During the first year of the project, comprehensive studies and requirement analyses were carried out, and reports delivered on the application model and functional architecture of the production information system, statistical process modelling, definiti on of network requirements and evaluation of software packages, connection of equipment with host computers, linkage of equipment in the photolithography area, analysis and requirements for material handling systems, and software and hardware flexibility for automated VLSI manufacturing. An initial demonstrator was set up in the photolithography area.
In the second year and the first half of the third year, work was mainly devoted to the definition of a common model of CAM system, equipment interfacing, automation island, software and sensors for facility monitoring, wafer storage and transportation, wafer marking, modelling and fab simulation.
Highlights of the third year's progress were:
-detailed specifications of common CAM system requirements, and the development of specific modules for tracking products and equipment recipes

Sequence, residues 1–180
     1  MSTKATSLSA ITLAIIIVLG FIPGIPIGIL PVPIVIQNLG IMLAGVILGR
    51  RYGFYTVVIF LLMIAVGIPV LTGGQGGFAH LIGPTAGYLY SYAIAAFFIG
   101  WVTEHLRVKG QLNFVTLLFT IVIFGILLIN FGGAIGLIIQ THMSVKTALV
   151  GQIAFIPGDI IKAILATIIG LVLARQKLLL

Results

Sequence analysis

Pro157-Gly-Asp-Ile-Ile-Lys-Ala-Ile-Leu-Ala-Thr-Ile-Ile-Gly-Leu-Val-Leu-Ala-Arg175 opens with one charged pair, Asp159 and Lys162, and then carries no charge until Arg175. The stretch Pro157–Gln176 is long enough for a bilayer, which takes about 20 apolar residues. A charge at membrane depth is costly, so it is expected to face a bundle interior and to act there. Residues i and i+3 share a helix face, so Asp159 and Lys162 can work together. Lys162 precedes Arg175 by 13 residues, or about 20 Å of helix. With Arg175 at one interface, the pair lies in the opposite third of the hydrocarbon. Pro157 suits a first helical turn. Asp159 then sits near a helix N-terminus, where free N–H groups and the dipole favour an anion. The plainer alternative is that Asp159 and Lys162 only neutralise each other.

-interface modules for equipment connection and distributed databases
-cell controller definition, development and implementation in different environments and experimental robot installations
-export system development for operator help in two applications
-software tool for wafer fab modelling/simulation.
During the fourth and last year of the project, the participants have consolidated and completed the work planed on the technical topics mentioned above.
The system demonstration was centred around two automation islands, photolithography and diffusion.
Exploitation
Process line integration/automation has now become one of the key factors of success in the manufacturing of commodity or specialised (ASIC) ICs.
The exploitation of the project's results will help the Community IC manufacturers concerned to improve their manufacturing capabilities. A technical interest group on VLSI manufacturing automation has been set up as part of the project, organising regular workshops to which other Community organisations are invited to attend. In this way it is expected to ensure a higher degree of harmonisation and to further increase the impact of the project.
The results of the project are also being used in the Manufacturing Science and Technology project (number 5081).

Coordinator

SGS Thomson Microelectronics SA
Address
17 Avenue Des Martyrs
38340 Grenoble
France

Participants (2)

GEC Marconi Electronic Devices Ltd
United Kingdom
Address
Lincoln Industrial Park Doddington Road
LN6 3LF Lincoln
Thomson Microelectronics Srl (SGS)
Italy
Address
Via Carlo Olivetti
20041 Agrate Brianza Milano